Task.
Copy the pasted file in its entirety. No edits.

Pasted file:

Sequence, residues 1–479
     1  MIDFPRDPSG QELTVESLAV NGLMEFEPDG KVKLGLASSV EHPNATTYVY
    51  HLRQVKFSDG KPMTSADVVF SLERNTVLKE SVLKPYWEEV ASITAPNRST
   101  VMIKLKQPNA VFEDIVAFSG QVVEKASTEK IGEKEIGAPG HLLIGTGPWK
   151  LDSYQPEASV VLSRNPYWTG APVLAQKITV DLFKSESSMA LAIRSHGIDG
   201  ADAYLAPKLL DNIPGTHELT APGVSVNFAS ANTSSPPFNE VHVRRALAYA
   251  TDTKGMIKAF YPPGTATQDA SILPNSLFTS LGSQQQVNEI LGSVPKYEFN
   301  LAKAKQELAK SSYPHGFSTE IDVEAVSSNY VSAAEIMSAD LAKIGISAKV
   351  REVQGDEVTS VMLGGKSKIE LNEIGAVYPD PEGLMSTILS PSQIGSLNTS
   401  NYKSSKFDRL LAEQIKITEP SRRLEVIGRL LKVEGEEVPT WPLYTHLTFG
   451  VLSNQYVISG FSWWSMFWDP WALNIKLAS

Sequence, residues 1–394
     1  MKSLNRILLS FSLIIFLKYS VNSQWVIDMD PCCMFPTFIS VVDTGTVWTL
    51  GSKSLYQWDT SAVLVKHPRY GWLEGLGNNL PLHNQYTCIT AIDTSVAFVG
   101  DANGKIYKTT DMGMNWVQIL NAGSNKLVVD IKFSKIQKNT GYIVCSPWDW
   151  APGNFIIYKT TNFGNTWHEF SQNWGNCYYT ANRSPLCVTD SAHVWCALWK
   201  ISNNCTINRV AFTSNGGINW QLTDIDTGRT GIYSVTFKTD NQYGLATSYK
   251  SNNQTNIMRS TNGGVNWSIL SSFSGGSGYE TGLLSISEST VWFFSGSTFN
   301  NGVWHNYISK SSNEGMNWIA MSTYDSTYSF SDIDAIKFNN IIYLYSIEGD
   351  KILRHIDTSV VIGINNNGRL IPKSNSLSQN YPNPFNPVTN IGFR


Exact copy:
Sequence, residues 1–479
     1  MIDFPRDPSG QELTVESLAV NGLMEFEPDG KVKLGLASSV EHPNATTYVY
    51  HLRQVKFSDG KPMTSADVVF SLERNTVLKE SVLKPYWEEV ASITAPNRST
   101  VMIKLKQPNA VFEDIVAFSG QVVEKASTEK IGEKEIGAPG HLLIGTGPWK
   151  LDSYQPEASV VLSRNPYWTG APVLAQKITV DLFKSESSMA LAIRSHGIDG
   201  ADAYLAPKLL DNIPGTHELT APGVSVNFAS ANTSSPPFNE VHVRRALAYA
   251  TDTKGMIKAF YPPGTATQDA SILPNSLFTS LGSQQQVNEI LGSVPKYEFN
   301  LAKAKQELAK SSYPHGFSTE IDVEAVSSNY VSAAEIMSAD LAKIGISAKV
   351  REVQGDEVTS VMLGGKSKIE LNEIGAVYPD PEGLMSTILS PSQIGSLNTS
   401  NYKSSKFDRL LAEQIKITEP SRRLEVIGRL LKVEGEEVPT WPLYTHLTFG
   451  VLSNQYVISG FSWWSMFWDP WALNIKLAS

Sequence, residues 1–394
     1  MKSLNRILLS FSLIIFLKYS VNSQWVIDMD PCCMFPTFIS VVDTGTVWTL
    51  GSKSLYQWDT SAVLVKHPRY GWLEGLGNNL PLHNQYTCIT AIDTSVAFVG
   101  DANGKIYKTT DMGMNWVQIL NAGSNKLVVD IKFSKIQKNT GYIVCSPWDW
   151  APGNFIIYKT TNFGNTWHEF SQNWGNCYYT ANRSPLCVTD SAHVWCALWK
   201  ISNNCTINRV AFTSNGGINW QLTDIDTGRT GIYSVTFKTD NQYGLATSYK
   251  SNNQTNIMRS TNGGVNWSIL SSFSGGSGYE TGLLSISEST VWFFSGSTFN
   301  NGVWHNYISK SSNEGMNWIA MSTYDSTYSF SDIDAIKFNN IIYLYSIEGD
   351  KILRHIDTSV VIGINNNGRL IPKSNSLSQN YPNPFNPVTN IGFR